Barcelona Part 1
During his rule Catalan interests were extended on both sides of the Pyrenees. By marriage or vassalage he incorporated into his realm almost all of the Catalan counties (except those of Urgell and Peralada). He inherited the counties of Besalú (1111) and Cerdanya (1117) and in between married Douce, heiress of Provence (1112). His dominions then stretched as far east as Nice.
Officially, La Rambla is a series of shorter streets, each differently named, hence the plural forms Las Ramblas (Spanish and Les Rambles (Catalan). From the Plaça de Catalunya toward the harbor, the street is successively the Rambla de Canaletes, the Rambla dels Estudis, the Rambla de Sant Josep, the Rambla dels Caputxins, and the Rambla de Santa Monica. Construction of the Maremàgnum in the early 1990s resulted in a continuation of La Rambla on a wooden walkway into the harbor, the Rambla de Mar.When walking down La Rambla one can visit its many small shops or enjoy watching the various performances (actors, mimes and people that look like statues, that will pose with you or move for a Euro or Two etc.). There are also several vendors trying to sell paper figures they claim are capable of dancing and there are plenty to see. Cafes and restaurants on La Rambla often charge steep prices.
From the Ramblas you can Walk toward Plaça Catalunya, which is a large square in central Barcelona that is generally considered to be both its city centre and the place where the old city (see Barri Gòtic and Raval, in Ciutat Vella) and the 19th century-built Eixample meet.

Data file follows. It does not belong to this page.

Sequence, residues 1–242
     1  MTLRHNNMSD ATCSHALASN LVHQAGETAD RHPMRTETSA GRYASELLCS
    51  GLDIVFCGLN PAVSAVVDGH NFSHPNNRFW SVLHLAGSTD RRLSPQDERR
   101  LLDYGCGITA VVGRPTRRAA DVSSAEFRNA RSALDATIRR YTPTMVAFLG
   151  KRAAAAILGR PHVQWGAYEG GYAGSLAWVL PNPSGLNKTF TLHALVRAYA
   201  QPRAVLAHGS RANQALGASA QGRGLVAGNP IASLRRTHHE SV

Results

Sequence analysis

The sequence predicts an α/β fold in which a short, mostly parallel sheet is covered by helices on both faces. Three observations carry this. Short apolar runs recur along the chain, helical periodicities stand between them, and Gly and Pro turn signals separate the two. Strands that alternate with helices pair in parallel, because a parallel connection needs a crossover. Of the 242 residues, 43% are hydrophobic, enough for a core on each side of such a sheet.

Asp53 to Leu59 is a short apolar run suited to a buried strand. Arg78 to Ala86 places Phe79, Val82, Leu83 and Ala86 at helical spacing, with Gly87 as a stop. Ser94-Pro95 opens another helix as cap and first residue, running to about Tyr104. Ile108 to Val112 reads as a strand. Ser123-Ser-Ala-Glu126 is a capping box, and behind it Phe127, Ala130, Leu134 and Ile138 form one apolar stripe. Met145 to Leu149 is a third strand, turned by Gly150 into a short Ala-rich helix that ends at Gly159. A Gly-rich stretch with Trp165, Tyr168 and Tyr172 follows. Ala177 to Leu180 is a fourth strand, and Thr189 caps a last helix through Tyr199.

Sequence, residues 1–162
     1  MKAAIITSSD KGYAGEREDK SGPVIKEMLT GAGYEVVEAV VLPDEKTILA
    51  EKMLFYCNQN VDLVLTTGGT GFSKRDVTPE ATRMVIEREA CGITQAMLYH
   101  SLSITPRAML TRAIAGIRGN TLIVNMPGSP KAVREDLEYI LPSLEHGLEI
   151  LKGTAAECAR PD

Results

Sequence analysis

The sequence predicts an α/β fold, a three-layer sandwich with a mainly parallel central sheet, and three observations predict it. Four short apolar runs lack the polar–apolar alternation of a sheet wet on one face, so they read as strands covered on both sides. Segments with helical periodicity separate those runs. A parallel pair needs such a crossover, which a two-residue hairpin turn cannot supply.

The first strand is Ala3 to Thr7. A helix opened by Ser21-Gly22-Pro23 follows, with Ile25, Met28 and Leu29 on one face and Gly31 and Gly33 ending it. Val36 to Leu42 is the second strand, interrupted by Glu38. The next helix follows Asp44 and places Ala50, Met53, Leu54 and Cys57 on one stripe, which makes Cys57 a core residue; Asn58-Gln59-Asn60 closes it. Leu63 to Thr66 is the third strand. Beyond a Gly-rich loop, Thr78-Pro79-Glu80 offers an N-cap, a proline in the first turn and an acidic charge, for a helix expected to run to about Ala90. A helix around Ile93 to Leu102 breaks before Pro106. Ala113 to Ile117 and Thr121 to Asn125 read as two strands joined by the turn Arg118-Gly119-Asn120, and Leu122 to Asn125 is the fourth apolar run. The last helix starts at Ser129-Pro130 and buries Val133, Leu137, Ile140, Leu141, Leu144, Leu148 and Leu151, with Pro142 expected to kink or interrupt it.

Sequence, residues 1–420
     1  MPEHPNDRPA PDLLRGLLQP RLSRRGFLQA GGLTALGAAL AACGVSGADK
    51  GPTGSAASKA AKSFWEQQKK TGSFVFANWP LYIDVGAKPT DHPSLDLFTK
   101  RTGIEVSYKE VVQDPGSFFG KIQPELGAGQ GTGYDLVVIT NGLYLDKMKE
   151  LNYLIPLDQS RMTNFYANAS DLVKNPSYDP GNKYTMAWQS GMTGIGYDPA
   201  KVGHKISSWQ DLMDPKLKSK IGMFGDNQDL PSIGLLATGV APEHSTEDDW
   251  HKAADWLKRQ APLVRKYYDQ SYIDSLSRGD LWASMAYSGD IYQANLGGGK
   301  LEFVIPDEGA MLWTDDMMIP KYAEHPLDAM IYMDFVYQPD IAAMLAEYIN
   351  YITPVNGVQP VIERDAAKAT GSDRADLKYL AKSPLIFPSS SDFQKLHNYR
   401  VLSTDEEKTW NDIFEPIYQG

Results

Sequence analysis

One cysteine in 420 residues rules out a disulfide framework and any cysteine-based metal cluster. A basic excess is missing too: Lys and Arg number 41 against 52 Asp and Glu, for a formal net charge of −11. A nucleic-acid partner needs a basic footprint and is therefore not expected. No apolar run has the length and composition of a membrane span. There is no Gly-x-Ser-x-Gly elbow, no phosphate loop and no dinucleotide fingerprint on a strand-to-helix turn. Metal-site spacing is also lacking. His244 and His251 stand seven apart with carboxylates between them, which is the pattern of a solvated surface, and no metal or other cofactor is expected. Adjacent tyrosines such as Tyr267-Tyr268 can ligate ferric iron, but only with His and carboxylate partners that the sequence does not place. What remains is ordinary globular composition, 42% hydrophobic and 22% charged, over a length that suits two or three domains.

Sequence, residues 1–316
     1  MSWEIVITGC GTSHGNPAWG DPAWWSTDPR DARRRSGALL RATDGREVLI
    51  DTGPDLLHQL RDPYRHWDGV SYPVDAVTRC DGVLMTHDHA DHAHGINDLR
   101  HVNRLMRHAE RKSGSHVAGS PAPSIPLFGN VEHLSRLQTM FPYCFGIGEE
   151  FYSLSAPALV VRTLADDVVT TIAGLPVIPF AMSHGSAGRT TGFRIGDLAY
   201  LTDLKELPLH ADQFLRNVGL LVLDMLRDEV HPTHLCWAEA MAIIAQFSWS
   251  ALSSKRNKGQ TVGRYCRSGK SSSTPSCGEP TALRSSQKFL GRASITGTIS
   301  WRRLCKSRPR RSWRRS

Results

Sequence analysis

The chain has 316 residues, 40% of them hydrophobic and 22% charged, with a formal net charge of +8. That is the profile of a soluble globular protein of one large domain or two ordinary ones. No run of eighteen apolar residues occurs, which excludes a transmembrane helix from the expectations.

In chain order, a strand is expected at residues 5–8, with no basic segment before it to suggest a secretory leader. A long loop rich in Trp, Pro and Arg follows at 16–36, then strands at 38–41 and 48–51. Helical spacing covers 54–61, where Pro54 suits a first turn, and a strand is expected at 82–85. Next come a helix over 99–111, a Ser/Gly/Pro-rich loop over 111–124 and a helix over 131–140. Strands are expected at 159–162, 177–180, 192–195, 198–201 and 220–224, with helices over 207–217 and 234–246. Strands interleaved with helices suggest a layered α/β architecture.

Some of the city's most important streets and avenues meet in Plaça Catalunya: Passeig de Gràcia, Rambla de Catalunya, La Rambla or Portal de l'Àngel, in addition to Ronda de Sant Pere, Carrer de Vergara or Carrer de Pelai. It has an area of about 50,000 square metres. It is especially known for its fountains and statues, its proximity to some of Barcelona's most popular attractions, and for the impressive flocks of pigeons that gather in the centre. There are various underground trains and metros that meet here and the Aerobus to go to the Airport. It is also where we took the metro back to the Hotel Station of Jaume I. This is Plaça Catalunya station Metro underground station.
From there we went toward the Jaume I which is a station in the Barcelona Metro network, located under Via Laietana,( and a block from our hotel) and important avenue in Ciutat Vella, right between Plaça de Ramon Berenguer el Gran and Plaça d'Emili Vilanova. It can be accessed from Plaça de l'Àngel and Carrer d'Argenteria, on the other side of Via Laietana.
It currently serves Transports Metropolitans de Barcelona-operated L4, but was originally designed in 1926 as one of the stations of the first L3 service, a section of which became L4. The other L3 stations (Correos and Banco) located in Via Laietana are all closed nowadays.
Its two platforms, unusually for a downtown Barcelona metro station, are both located on the same level, with a wall between them dividing the station in two parts. They are each 94 m. long. Barcelona is a great city to walk and has one of the best Public Transportation Systems I have seen in my life, there are trains every 2.5 to 3.5 minutes all the time ( I think). I loved the fact that there was no part of the city I could not reach by Public Transportation. This is the part one of our Barcelona Tour I hope you enjoy the tour for this time and thanks for stopping by, there is more to come soon!